It was wonderful to speak with Brazilian dance teacher, Juliana Braga, all about the soul-enriching Forró.

Juliana has 35 years of experience in teaching Forró and has developed the movement in the Algarve, where she teaches Forró and other Brazilian dances across the Algarve. Juliana shared that she has travelled the globe, where she has done talks and participated in a multitude of Forró Festivals across Europe, including Japan and Russia. She has worked with organisations like CliniClowns, 5D Festival, Uitmarkt Amsterdam, Mixmax Brazil, Samba Salad, Roots Festival and Buitenkunst. “Myself and other professionals are really spreading Forró across the globe!”

Juliana explained that when she moved to Holland, she missed Brazil and the dances she used to do, with Forró being one of them. So she started giving classes in Holland, and it became this huge project there. In 2007, Juliana Braga established her own dance school: the Espaço Cultural. This cosy dance school is located in the heart of Amsterdam and Juliana has dance teachers teaching classes there whilst she is away.

Credits: Supplied Image; Author: Martin Jacobsen;

The History of Forró

Juliana Braga explained that the term Forró means a “great party” and it is a popular dance in Brazil, “with every Brazilian knowing the basic steps, as dance plays an important role in the traditional annual Festa Junina. Instruments traditionally used in Forró music are accordion, triangle and zabumba, and a big drum. The couple often dances close together in forró and the dance also involves a lot of improvisation. There are several rhythms, like the slow xote, baiao and the fast arraste-pé.”

Further adding “as is all Brazilian music, we are a mix of rhythms, so the instruments are the acordion which is not originally from Brazil and it is from Portugal and France because they went to Brazil and brought that there.”

Credits: Supplied Image; Author: Marc Mennigmann;

“Since, it is normal that we dance it at family parties in Brazil, and it is a very popular dance, and for 15 years it has been growing in Europe so much. You see a lot of people dancing Forró in Lisbon and in Porto and now I have started it in the Algarve. The movement starts when people understand how to dance and how to enjoy the music, not only to listen. Forró is really to dance and start a party and not to stay still!”

Bringing Forró to the Algarve

Juliana at the time was running her successful dance school in Holland but moved to the Algarve for part of the year around five years ago, “I bought a house with a friend in the Algarve, I wanted to be closer to nature and have a calmer pace of life, which is why I came to Portugal.”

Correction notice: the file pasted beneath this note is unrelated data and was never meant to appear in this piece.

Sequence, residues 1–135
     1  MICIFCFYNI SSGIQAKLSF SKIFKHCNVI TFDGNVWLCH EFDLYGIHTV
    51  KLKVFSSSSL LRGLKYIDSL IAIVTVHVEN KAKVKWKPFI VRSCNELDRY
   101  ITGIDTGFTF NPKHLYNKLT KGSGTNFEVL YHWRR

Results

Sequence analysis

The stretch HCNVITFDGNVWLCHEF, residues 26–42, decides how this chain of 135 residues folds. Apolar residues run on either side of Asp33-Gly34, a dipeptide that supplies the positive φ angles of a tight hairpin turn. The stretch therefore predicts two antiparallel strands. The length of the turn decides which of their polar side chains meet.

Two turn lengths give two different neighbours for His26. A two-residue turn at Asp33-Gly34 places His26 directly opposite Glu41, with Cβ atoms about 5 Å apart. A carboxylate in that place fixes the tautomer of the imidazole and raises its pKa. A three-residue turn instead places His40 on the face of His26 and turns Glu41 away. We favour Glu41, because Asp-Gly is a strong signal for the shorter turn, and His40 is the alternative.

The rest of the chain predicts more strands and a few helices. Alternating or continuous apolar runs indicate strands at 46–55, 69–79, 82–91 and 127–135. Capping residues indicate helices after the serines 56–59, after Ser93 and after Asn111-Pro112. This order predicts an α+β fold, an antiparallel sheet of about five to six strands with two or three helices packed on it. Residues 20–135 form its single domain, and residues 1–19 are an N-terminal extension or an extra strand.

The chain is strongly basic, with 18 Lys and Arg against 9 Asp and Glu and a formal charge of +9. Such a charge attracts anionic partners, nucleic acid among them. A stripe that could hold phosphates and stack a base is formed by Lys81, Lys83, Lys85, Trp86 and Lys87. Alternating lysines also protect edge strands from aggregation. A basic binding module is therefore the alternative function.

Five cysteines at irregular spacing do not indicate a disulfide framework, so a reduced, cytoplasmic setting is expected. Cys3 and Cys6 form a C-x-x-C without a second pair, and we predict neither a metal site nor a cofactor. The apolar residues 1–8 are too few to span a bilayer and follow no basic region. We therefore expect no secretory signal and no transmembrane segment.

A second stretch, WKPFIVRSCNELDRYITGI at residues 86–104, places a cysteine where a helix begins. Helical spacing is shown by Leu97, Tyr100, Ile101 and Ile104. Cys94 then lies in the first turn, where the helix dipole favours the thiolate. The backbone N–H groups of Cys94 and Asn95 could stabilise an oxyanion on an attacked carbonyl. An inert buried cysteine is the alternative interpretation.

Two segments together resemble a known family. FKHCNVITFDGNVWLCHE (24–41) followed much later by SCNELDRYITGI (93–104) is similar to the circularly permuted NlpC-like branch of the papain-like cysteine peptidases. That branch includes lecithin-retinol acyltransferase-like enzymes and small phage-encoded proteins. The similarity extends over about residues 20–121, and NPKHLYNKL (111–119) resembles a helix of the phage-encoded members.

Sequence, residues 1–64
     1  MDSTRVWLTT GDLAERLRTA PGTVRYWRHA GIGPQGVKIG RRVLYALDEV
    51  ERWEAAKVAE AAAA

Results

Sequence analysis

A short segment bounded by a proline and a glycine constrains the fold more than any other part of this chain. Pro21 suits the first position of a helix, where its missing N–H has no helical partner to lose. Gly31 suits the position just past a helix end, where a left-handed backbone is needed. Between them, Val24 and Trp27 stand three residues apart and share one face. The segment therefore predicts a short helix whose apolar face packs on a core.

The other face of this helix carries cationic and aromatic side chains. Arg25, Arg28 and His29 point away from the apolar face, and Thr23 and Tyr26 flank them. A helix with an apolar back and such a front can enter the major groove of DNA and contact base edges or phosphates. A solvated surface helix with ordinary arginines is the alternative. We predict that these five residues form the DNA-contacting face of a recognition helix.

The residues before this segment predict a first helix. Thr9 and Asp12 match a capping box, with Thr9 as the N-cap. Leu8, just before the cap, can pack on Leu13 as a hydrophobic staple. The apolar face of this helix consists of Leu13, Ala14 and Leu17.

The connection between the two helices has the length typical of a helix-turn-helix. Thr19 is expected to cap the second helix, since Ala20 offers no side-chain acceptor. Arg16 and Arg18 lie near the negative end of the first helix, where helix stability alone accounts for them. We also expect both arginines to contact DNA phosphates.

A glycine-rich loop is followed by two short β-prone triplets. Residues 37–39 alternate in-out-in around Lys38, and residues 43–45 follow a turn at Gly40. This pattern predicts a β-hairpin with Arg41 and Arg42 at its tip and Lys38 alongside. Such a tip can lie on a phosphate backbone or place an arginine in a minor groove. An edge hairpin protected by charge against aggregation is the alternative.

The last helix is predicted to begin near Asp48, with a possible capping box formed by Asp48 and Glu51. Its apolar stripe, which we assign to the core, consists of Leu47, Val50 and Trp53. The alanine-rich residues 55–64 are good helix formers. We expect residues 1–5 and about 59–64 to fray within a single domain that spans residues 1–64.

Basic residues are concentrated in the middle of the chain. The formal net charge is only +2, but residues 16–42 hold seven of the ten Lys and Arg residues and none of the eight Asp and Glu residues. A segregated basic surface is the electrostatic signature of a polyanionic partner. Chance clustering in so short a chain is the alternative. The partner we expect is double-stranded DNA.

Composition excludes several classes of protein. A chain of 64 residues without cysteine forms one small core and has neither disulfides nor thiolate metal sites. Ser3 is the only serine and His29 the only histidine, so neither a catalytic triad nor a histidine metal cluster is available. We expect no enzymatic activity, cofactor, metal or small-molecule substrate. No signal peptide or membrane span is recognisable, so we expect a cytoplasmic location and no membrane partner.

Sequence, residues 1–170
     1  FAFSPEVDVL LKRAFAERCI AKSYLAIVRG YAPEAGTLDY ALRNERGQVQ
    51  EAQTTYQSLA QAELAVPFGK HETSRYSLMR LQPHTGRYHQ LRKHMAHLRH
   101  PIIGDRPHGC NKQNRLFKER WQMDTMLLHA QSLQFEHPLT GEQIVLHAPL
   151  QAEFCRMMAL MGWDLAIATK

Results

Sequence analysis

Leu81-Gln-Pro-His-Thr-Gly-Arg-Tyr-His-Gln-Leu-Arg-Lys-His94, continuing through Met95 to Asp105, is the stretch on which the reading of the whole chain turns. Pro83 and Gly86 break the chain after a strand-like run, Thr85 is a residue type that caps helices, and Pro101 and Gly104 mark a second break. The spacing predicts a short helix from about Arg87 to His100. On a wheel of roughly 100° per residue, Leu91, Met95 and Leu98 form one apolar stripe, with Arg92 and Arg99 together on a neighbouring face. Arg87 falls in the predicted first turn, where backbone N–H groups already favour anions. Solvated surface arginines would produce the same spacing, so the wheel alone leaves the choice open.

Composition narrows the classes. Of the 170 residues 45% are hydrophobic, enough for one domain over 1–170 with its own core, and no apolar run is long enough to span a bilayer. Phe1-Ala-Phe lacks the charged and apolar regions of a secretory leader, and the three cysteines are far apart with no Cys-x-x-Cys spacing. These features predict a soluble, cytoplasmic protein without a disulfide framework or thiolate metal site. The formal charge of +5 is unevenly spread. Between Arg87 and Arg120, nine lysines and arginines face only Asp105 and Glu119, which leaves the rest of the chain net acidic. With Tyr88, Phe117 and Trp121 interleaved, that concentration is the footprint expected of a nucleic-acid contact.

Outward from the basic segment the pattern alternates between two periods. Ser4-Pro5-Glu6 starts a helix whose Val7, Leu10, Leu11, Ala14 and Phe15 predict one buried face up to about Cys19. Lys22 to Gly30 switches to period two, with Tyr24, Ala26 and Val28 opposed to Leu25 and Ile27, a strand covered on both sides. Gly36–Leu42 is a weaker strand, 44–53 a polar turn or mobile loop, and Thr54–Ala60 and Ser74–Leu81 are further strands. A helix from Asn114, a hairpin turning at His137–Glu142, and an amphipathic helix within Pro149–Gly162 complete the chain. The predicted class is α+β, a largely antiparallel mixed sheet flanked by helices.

Jokingly adding that “I could not stay quiet which is why I started giving classes and every summer I was coming to give some but in July last year, I decided to stay here and see how Forró grows in the winter. I believe people need to have meetings and to dance as it is so quiet here in the wintertime, which is how Forró started to grow. I decided to travel everywhere and give classes all over the Algarve and it is beautiful.”

Credits: Supplied Image; Author: Martin Jacobsen ;

Forró Festival

“In March of this year, I did the first Forró Festival in the Algarve, where 150 people came from abroad, and it was very beautiful, with live music and dancing on the beach, it felt like being in Brazil.”

Juliana confirmed that she is going to do another Forró Festival due to popular demand. “Forró da Utopia” 2nd edition will take place once again at the start of March, with the date still to be confirmed on her website. “The festival will take place in Aljezur before the high season begins but I will announce this on my social media closer to the time.”

Credits: Supplied Image; Author: Martin Jacobsen ;

Forró Classes

For more information and to get involved, please visit and on Instagram: @Juliana.Braga.9862 and @Forrodautopia or alternatively, on Facebook by searching Juliana Braga espaço cultural.


Following undertaking her university degree in English with American Literature in the UK, Cristina da Costa Brookes moved back to Portugal to pursue a career in Journalism, where she has worked at The Portugal News for 3 years. Cristina’s passion lies with Arts & Culture as well as sharing all important community-related news.

Cristina da Costa Brookes